I have always had a massive soft spot for Mr Klue’s work – I love to examine it and unravel all the different abstract elements that combine to such great effect. As is always the case in this tunnel, the lighting has played havoc with the true colours of the piece, but the form is there for all to see.
After what feels like a bit of a lull in his work, it appears that he is becoming a little more active on the streets, which is a good thing. I first became aware of his work in the Stokes Croft area of Bristol, but it is telling that the decline in decent walls there and the Council’s stance on The Bearpit has driven artists like Mr Klue away (I am guessing). This is a fine piece indeed.
I haven’t seen anything from Run Z for a little while, so it was good to come across this great abstract piece in the little foot tunnel in New Stadium Road. This is a favourite haunt for Deamze, Soke and Voyder, but others come here too.
Run Z always brings something refreshing in his work as it is unlike most of the rest of the street art in the city. His patterns and exceptional colour choices set his work apart from the writers and character painters. He joins the small band of abstract artists whose work I love to see.
On the long car park wall of The Tobacco Factory one of the most eye-catching pieces is what I would describe as a still life study by the talented Envol. I first became aware of the artist at last year’s Upfest and his style is so very distinct.
There is something rather pleasing about this assemblage of recognisable things, the hand and the Swiss cheese plant leaf together with rather more abstract shapes. The painting draws the eye from one side to the other (in my case from left to right) before settling on the whole.
During the festival this area is a real squeeze, and it can be rather difficult stopping to take pictures without getting nudged in the back or caught up in the tide of human impatience sweeping towards the street food area. Last year’s piece is shown below.
Alongside a rather magnificent Sled One piece i posted a little while back is this really unusual work from Ments. I haven’t seen much of his work for a while, so it was great to find this. In the past I have described his work as ‘organic’ in its form, but this piece represents quite a departure from his previous work.
There is a modernist feel to this piece, abstract surrealism almost and I rather like it. The writing spells out MENTS as it does in most of his work, but this time it is a little more legible. The colour selections are quite unusual but seem to work pretty well on this bright red background. More to come soon from Ments.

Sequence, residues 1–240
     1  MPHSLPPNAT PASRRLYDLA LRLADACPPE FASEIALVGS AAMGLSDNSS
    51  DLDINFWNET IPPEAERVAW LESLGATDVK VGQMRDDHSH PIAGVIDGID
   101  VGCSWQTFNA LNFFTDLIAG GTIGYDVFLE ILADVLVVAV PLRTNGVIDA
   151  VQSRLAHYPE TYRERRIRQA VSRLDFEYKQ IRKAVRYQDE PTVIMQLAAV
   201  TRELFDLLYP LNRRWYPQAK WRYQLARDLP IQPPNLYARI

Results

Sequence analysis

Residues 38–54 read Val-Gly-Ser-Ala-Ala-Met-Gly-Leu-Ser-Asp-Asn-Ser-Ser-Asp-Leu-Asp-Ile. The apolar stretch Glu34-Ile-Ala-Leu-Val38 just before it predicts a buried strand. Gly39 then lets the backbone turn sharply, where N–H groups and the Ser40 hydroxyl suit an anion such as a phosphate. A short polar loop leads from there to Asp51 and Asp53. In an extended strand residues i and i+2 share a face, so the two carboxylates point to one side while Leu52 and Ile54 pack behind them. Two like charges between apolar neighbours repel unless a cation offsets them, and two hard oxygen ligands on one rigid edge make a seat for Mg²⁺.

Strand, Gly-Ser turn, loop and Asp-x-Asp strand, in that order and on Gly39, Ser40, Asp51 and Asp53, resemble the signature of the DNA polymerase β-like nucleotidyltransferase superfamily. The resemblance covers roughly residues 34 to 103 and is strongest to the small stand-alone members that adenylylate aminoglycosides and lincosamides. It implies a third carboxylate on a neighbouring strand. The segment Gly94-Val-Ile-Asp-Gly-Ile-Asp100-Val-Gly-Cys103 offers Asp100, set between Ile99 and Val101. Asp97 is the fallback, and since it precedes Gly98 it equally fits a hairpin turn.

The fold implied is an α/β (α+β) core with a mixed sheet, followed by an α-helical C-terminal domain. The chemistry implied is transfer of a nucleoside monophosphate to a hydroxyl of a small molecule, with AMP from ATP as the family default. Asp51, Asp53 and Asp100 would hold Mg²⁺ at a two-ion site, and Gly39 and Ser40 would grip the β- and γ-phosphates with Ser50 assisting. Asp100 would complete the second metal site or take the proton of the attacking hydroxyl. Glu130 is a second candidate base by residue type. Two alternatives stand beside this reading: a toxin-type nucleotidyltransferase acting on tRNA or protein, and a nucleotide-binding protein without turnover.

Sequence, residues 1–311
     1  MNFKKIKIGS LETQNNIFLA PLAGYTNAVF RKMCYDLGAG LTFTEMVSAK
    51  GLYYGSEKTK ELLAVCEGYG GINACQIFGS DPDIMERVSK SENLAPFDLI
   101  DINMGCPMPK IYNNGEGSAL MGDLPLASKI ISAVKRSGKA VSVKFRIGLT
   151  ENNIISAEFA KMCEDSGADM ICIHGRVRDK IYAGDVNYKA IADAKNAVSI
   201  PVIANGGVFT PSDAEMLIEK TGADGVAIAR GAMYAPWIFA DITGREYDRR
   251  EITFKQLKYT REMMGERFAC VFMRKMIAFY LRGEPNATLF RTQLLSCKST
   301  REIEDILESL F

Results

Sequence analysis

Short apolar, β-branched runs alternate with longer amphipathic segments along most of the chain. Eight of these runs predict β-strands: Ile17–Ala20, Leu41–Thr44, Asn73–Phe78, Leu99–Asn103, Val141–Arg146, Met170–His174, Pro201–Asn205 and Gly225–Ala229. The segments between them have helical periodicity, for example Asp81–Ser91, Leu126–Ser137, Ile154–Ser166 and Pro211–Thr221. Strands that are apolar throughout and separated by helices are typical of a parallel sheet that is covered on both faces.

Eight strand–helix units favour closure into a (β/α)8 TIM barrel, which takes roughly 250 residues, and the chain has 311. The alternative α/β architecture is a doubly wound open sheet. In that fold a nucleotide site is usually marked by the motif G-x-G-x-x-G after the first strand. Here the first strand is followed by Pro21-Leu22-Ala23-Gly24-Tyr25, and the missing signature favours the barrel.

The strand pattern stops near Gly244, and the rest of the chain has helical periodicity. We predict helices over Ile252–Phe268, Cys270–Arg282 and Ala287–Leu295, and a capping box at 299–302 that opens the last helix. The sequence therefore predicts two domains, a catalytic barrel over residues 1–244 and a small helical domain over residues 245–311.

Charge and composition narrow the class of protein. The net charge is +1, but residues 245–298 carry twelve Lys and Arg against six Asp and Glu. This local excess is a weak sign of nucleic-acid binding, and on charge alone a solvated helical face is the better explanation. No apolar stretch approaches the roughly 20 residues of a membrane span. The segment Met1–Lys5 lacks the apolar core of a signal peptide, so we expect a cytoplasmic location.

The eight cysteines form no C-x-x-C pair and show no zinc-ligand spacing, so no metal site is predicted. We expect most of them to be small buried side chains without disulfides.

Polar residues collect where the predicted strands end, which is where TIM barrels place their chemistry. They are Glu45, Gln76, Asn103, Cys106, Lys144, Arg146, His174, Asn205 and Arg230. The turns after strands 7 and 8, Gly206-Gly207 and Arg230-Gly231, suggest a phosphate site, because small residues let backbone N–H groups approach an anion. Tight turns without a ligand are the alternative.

I had no idea this was here. Unheralded, unannounced and not picked up on Instagram, this wonderful new piece from 3Dom is in Frogmore Street where there used to be a collaboration by RichT and 45RPM (you can just see the remains of it in the doorway) which seems to have been here forever.
We are used to seeing rather surreal work and dream-like characters from the brilliant mind of 3Dom, but occasionally he also creates these wonderful abstract concentric designs, and this one really hits the spot.
I hope he returns to finish up in the doorway, because as it stands it looks a little untidy. Maybe he has already done it, I don’t know as I’ve not returned since I took the pictures. The colours and shapes are reminiscent of some kind of organic life, almost like a coral reef. The shading and highlights are really clever, giving the whole piece a sort of 3D effect. Lovely work.
At one time, maybe two or three years ago, there were new Mr Klue works appearing in the Stokes Croft area on a fairly regular basis. These days they seem to be something of a rarity until a recent spate of his pieces in St Werburghs tunnel.
This is a wonderful complex abstract piece with what look to me like floating wooden planks drawing the eye to a celestial central vanishing point. It is a clever piece and I find my eyes dancing all around looking at the detail of different sections and trying to work out what is going on. His style really is quite unlike anything else on the streets in Bristol and his return is a most welcome one.
One of the many spin-off benefits of Upfest is that for some days before and for some days after the festival artists from beyond Bristol leave behind some little extras or souvenirs of their visit. This is one such treat by Katrina Kolk. I actually found out about the artist while researching the Feek post immediately before this one and reading the Dean Lane facebook page which had some images of Katrina Kolk working on this piece.
Katrina Kolk is an Estonian artist who trained at the Tartu Art College and she has a WordPress website which includes a short biography and some of her work. This piece features a unicorn set on a patchwork of colour and abstract shapes. Being on a skate ramp, it is not the easiest to photograph, but her style comes across loud and clear. There is something joyful and free about this piece (and not just because it has a unicorn) which stands out in the skate park. Something fresh and different.